Assembly-Line Test Procedures for 1977 and
Subsequent (Appendix I)
Proposed Revisions to Sections 2106, 2107, 2108,
and 2110 of Title 13 (Appendix II)
Assembly-Line Test Procedures for 1976 (Appendix
Public Hearing Notices (Appendix IV)
ITEM NO.: 76-4-4
Public Hearing - Amendments to Approval Procedures for 1977 and
Subsequent Model Year Passenger Cars and Light-Duty Trucks.
Adopt Resolution 76-6.
Vehicle Manufacturers and regulatory agencies have been aware for
some time that vehicle exhaust contains varying amounts of
methane. Exhaust gas treated by oxidation catalysts contain a
higher percentage of methane than that from non-catalyst
exhausts. This issue has been raised again because of the
implementation of lower 1977 passenger car hydrocarbon standard
and because of the prevalence of oxidation catalysts in the
recent model years. With the 1977 hydrocarbon standard, a
correction for the methane content of exhaust hydrocarbon will
now be more significant. In this light, the Executive Officer
requested the staff to reevaluate this issue.
The staff evaluation revealed that there is sufficient
information available to establish a methane content correction
factor for application to the total hydrocarbon exhaust
concentrations determined for certification. Thus, cars equipped
with catalysts would receive credit for their preferential
treatment of hydrocarbon exhaust.
The staff proposes a correction factor be applied to the total
hydrocarbon emissions of emission data vehicles already adjusted
by the deterioration factor as follows:
(1) Catalyst equipped passenger cards--0.89 multiplicative
(2) Non-catalyst equipped passenger cars and all light-duty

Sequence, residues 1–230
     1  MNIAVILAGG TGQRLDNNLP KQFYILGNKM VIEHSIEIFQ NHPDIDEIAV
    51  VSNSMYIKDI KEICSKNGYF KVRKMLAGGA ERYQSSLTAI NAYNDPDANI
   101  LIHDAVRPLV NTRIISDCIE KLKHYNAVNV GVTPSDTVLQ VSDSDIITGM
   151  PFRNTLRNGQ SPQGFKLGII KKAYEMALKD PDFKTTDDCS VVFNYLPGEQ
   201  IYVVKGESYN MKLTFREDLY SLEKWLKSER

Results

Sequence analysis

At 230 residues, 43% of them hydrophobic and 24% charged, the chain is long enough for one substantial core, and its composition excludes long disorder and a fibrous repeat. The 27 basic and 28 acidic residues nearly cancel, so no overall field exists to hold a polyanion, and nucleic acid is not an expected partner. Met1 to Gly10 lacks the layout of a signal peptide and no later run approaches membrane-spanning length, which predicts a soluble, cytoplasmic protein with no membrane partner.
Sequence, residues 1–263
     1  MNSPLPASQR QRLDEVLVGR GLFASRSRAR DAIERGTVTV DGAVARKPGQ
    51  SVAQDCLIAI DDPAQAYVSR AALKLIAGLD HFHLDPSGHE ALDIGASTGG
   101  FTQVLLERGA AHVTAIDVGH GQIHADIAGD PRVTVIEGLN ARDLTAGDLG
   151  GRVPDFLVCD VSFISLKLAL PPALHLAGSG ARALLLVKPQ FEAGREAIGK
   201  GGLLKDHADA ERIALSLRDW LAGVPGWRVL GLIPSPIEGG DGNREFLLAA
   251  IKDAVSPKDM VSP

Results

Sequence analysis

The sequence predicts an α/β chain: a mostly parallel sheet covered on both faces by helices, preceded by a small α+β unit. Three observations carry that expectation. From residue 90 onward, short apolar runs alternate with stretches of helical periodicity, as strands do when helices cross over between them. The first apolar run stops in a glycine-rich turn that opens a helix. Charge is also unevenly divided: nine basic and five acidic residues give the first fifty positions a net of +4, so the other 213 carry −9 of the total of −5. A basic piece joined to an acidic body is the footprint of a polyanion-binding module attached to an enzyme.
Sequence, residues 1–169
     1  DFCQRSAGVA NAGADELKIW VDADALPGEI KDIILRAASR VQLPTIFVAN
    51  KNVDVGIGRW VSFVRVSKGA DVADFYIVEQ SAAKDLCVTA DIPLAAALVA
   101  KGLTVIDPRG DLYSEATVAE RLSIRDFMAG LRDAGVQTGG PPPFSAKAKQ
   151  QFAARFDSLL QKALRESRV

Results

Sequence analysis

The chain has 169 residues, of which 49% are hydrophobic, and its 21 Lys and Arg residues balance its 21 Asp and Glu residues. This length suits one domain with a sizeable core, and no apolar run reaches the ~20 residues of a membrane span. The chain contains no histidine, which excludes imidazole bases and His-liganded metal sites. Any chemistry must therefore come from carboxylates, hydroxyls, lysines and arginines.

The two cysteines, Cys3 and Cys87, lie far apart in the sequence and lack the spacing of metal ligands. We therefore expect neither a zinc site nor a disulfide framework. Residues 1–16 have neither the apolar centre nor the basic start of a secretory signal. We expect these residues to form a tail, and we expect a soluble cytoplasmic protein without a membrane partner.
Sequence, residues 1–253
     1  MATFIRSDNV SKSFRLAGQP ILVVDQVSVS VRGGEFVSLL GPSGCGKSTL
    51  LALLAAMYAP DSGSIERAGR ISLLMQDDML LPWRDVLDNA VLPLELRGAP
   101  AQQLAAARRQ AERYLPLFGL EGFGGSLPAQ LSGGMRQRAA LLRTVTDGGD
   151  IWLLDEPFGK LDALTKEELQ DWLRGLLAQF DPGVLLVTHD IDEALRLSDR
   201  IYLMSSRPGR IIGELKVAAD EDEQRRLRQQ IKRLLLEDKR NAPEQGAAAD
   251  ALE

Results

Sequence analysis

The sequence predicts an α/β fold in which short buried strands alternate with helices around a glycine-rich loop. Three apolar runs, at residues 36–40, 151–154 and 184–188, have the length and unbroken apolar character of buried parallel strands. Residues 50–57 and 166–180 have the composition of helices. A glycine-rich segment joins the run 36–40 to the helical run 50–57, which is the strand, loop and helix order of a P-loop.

trucks--1.0 multiplicative factor.
The attached staff report discusses the rationale for and
derivation of these correction factors.
ITEM NO.: 76-4-5
Regulations Concerning a 24-hour Sulfate Ambient Air Quality
Standard or Significant Harm Level.
Adopt the Recommendation of the State Department of Health to
establish a critical ambient value of 25 micrograms per cubic
meter of sulfate averaged over twenty-four hours, to provide a
basis for the development of control strategies.
The rationale for establishing a significant harm level or an
interim standard for sulfates is to provide a guideline for
designing emission control strategies that will prevent further
aggravation of respiratory symptoms, prevent further damage to
materials and property and improve visibility in areas where high
ambient levels of sulfate aerosol regularly occur.
Emissions of sulfur compounds occur primarily from the combustion
of oil or gasoline that contains sulfur. Sulfur in the fuel is
oxidized to sulfur dioxide during the combustion process, and the
SO2 is gradually converted to sulfur trioxide (SO3) and
subsequently to sulfate compounds in the atmosphere. The
conversion of SO2 to sulfate takes place at a much more rapid
rate and much more completely in the South Coast air Basin than
in most areas of the U.S. The unique meteorological and
topographical features and high emission density in the highly
populated South Coast Air Basin have led to high concentrations
of sulfates and other secondary aerosols. The potential
curtailment of natural gas in the SCAB could lead to even higher
sulfate levels that present an unacceptable health risk for a
significant portion of the population. The State Department of
Health has recommended the Board take action to prevent this risk